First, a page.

Where We Live
Diverse Paths Cross in Md. Neighborhood
Saturday, April 15, 2006
A few weeks ago, a moving van pulled into Montgomery County's South Four Corners community and deposited a young couple at their new house on Brunett Avenue. For Brian Barth, 26, the neighborhood felt like home long before that day, though.
His grandparents bought the split-foyer house in 1956 for $18,000. His mother, Carol, grew up there -- one of 49 baby boomers on the same street.
Barth values those neighborhood roots. "I love it," he said. "That's one of the reasons we're here."
The Defense Department employee pointed out the next-door neighbor's lawn to his fiancée, Janelle Everett. "I used to mow their grass when I was a little boy."
Across the street, Vince Kensil said he, too, felt an instant affinity for South Four Corners. The place reminds him of his childhood in an ethnic neighborhood in Philadelphia. "We have all kinds of colors and ages and religions here," he said. "We end up talking, and going inside for something to eat, and next thing you know, we're fast friends."
Kensil, an insurance consultant, enjoys gathering neighbors around the 150-year-old oak tree in the back yard of the split-level he shares with his partner, Ponthep Chattaviriya. A native of Thailand, Chattaviriya is a professional chef who prefers the nickname "Pa," which means "forest" in Thai. The menu for their guests might feature gai todd, which is a Thai version of fried chicken, or perhaps a whole roast suckling pig.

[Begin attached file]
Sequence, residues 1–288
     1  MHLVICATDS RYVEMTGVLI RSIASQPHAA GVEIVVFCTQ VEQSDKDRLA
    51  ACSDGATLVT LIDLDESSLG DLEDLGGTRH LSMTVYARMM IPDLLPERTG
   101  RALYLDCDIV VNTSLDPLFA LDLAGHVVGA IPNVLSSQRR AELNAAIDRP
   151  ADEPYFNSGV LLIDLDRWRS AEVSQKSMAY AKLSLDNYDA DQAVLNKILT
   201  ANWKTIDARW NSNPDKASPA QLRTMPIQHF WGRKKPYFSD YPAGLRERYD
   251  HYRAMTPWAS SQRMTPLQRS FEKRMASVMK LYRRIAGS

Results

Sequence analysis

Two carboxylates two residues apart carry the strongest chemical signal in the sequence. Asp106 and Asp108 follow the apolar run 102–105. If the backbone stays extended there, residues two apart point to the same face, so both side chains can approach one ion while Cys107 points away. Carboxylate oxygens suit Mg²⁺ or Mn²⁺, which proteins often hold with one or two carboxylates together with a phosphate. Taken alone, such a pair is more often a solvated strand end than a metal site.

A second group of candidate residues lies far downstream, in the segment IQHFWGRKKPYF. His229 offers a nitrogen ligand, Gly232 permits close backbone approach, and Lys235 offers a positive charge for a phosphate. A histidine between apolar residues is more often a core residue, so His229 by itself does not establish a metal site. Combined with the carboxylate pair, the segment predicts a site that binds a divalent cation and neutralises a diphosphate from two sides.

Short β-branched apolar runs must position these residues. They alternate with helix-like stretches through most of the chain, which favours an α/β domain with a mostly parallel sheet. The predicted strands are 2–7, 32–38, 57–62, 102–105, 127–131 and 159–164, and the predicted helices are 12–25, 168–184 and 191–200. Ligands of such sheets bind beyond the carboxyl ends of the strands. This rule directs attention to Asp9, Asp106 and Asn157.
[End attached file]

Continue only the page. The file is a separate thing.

It was nearby Sligo Creek Park's hike-and-bike trails that led David West and Sandy Carin West, both teachers, to their Cape Cod in South Four Corners.
Twelve years ago, they rode their bikes from Rock Creek Park to explore various neighborhoods. "We wanted to buy a house where we could stay," Sandy Carin West said.
Despite its location near the intersection of University Boulevard and Colesville Road -- the second most dangerous in Maryland, according to State Farm Insurance statistics -- Sandy Carin West says there is a small-town feel to her subdivision. "You can walk to Safeway from here. And they know you. It's at a huge, busy intersection, but they know you at Safeway."
The South Four Corners Citizens Association rivals any community group in the region for its level of activism. There is a neighborhood yard sale each fall. A babysitting co-op became the catalyst for an annual Community Day, now in its seventh year. "The moms motivate each other," David West said. "In 2003, they raised $12,000 to pay for new playground equipment at the park on Forest Glen Road."
The group also is working to build a tighter neighborhood watch organization. Block captains are being recruited and they are working with residents to develop communication systems. There are other activities and events on the agenda as well. But David West, the association's vice president, sums up the community's foremost concern in two words: Beltway expansion.
"They're talking about putting four new lanes on the Beltway, including a toll lane with 'fly-overs,' some sort of crazy ramps to get people to the toll lanes," he said.